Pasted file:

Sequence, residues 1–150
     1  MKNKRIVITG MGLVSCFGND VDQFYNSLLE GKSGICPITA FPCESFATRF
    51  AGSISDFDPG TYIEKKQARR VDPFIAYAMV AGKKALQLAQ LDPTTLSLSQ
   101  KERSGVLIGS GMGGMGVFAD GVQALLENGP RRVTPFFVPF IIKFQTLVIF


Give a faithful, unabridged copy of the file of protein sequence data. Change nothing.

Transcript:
Sequence, residues 1–150
     1  MKNKRIVITG MGLVSCFGND VDQFYNSLLE GKSGICPITA FPCESFATRF
    51  AGSISDFDPG TYIEKKQARR VDPFIAYAMV AGKKALQLAQ LDPTTLSLSQ
   101  KERSGVLIGS GMGGMGVFAD GVQALLENGP RRVTPFFVPF IIKFQTLVIF